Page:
A large tract of land between the Cape Fear and Northeast Cape Fear River in what is now Pender County, the Welsh Tract was one of the first regions to be settled in Southeastern North Carolina.
The name comes from the fact that a large number of the first settlers were Welshmen — or more likely, second- and third-generation settlers, whose forebears had immigrated from Wales to Pennsylvania in the 1680s.
Instead of migrating as a group, the settlers seem to have picked up their land grants separately. Among these was Hugh Meredith, a former printer for Benjamin Franklin in Philadephia, who headed south to join relatives. Franklin’s Pennsylvania Gazette included detailed accounts of the settlement — probably written by Meredith, in its numbers 129 and 130, appearing in April and May 1731. The big draw appears to have been generous bounties from the British Parliament to those willing to go into the naval stores industry (tar, pitch and turpentine). Certainly, the region had plenty of pine trees that could be tapped for naval stores.
In 1731, David Evans received a patent for two 640-acre tracts in what was then the New Hanover Precinct, located on either side of Washington Creek, not far from the west bank of the Northeast Cape Fear. By 1732, Evans was apparently settled on his property, as he was appointed a justice of the peace.
The tract appears as the “Welch Settlement” on the Moseley map of 1733. In 1735, the Rev. Hugh McAden, a Presbyterian minister, reported visiting the Welsh Tract and preaching to the settlers there. In 1737, court minutes described the tract as extending from Burgo (Burgaw) Creek and the Widow Moore’s Creek to the boundaries of the precinct. New Hanover County court records would proceed to note the appointment of constables, tax collectors and overseers of roads for the Welsh tract for the next 40 years. A 1738 map noted two Welsh settlements, one in modern-day Duplin County on the Northeast Cape Fear River and one in Pender County on the Cape Fear.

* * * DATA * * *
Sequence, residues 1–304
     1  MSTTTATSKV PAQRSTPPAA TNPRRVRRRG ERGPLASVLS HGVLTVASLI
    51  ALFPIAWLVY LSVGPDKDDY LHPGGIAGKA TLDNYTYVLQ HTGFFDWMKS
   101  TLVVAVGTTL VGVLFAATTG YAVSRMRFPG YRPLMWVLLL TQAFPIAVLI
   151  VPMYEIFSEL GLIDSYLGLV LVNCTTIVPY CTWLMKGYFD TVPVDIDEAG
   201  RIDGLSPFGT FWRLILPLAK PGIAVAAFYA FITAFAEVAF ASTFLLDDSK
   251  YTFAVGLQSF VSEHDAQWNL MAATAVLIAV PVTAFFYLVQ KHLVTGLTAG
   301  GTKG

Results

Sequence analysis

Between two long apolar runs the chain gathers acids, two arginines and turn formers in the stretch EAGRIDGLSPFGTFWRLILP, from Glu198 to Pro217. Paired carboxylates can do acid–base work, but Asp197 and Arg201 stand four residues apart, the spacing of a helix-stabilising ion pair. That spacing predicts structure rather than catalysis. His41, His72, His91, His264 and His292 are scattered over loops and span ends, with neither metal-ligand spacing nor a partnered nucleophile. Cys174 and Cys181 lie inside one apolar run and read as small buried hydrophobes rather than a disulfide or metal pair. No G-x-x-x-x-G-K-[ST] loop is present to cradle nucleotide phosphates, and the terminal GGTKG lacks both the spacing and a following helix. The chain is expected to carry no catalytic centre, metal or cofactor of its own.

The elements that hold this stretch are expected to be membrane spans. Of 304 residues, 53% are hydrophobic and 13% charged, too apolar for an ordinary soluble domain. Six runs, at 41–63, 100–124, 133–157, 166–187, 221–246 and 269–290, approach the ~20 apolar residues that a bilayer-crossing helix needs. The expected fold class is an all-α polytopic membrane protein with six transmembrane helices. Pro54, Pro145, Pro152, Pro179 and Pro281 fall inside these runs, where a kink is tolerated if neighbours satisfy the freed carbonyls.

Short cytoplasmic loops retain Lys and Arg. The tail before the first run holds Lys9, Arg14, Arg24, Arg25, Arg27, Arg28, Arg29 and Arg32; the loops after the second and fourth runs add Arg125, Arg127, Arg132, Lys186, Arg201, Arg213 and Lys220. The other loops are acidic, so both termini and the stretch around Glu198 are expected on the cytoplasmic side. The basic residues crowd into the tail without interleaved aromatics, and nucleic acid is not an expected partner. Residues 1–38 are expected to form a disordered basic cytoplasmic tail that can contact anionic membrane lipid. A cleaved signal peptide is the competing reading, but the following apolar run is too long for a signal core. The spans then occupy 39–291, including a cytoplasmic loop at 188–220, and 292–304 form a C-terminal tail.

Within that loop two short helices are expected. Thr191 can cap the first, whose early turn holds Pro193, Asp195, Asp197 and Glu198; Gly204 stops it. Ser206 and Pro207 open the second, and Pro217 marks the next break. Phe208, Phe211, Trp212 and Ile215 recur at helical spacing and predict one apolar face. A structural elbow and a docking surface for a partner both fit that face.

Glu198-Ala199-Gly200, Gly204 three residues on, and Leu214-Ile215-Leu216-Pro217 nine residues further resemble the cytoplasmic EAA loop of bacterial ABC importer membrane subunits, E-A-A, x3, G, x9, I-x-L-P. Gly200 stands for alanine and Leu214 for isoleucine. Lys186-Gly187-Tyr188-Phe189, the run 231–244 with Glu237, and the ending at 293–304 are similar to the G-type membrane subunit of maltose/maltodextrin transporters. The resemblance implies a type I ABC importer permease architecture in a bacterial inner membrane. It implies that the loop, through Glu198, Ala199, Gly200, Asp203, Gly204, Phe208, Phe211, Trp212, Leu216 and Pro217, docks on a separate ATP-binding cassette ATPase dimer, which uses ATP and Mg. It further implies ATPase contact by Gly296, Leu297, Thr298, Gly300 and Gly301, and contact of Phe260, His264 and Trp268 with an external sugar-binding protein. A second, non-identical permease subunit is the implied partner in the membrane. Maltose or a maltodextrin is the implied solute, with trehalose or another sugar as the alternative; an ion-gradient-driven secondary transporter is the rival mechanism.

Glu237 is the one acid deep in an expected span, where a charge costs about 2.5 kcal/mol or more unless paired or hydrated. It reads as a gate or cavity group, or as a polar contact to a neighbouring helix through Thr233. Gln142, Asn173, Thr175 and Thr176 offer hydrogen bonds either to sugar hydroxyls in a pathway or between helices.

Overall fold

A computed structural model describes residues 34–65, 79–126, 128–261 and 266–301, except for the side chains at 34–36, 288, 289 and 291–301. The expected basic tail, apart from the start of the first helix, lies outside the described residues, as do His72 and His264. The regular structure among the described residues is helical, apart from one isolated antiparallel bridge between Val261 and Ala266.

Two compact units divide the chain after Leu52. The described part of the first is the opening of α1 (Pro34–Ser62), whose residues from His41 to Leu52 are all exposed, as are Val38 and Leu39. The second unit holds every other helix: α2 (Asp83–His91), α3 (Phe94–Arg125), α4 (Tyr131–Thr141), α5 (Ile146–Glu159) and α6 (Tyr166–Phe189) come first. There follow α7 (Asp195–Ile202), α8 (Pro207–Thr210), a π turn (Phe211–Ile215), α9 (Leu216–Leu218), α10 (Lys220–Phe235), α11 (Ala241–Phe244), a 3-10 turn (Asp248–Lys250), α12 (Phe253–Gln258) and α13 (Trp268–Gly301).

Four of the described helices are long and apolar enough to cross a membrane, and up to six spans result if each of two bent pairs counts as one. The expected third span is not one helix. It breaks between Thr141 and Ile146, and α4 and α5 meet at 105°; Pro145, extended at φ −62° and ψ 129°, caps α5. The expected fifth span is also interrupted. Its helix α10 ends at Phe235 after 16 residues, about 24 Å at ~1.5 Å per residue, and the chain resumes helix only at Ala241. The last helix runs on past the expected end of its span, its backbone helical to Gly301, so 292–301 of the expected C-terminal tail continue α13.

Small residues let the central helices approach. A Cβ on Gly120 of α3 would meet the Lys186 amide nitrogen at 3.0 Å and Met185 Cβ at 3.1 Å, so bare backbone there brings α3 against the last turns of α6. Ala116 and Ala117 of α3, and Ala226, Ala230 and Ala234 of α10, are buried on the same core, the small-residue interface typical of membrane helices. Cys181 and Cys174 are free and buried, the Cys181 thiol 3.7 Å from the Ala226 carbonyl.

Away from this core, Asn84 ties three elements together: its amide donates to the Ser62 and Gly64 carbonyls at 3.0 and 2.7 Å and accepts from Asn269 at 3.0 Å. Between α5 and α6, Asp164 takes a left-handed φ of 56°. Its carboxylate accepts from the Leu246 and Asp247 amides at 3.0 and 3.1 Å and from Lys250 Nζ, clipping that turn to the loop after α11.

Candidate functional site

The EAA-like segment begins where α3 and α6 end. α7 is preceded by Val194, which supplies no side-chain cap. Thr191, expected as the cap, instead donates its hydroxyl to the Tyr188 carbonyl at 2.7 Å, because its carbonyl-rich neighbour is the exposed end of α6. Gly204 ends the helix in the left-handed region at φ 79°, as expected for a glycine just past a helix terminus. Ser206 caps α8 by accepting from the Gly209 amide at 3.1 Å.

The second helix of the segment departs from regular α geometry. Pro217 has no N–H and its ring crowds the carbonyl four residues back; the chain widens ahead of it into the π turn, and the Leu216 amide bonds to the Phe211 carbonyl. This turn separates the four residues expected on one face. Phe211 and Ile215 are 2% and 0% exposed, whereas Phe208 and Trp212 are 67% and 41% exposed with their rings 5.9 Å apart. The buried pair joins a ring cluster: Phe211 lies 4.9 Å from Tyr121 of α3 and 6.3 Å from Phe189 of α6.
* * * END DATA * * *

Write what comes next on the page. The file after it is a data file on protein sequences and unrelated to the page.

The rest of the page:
In 1740. Malatiah Hamilton laid out South Washington (later Watha) on Washington Creek as a trading center for the Welsh tract. The settlement seems to have eclipsed the nearby settlement of Exeter. In 1769, Fred. Gregg was granted permission to build a grist mill in the Welsh Tract.
Not all the Welsh Tract settlers were Pennsylvania Welsh; the Bloodworth family moved there from Virginia, and Timothy Bloodworth (1736-1814), the future Patriot leader, Anti-Federalist and U.S. senator, was apparently born in the tract. According to historian William S. Powell, the name “Welsh Tract” continued in use until the American Revolution, by which time the original Welsh strain was diluted, and the community lost its distinctive identity.
In 1948, a North Carolina state highway historical marker honoring the Welsh Tract was erected along U.S. 117 north of Burgaw.
Date posted: September 30, 2009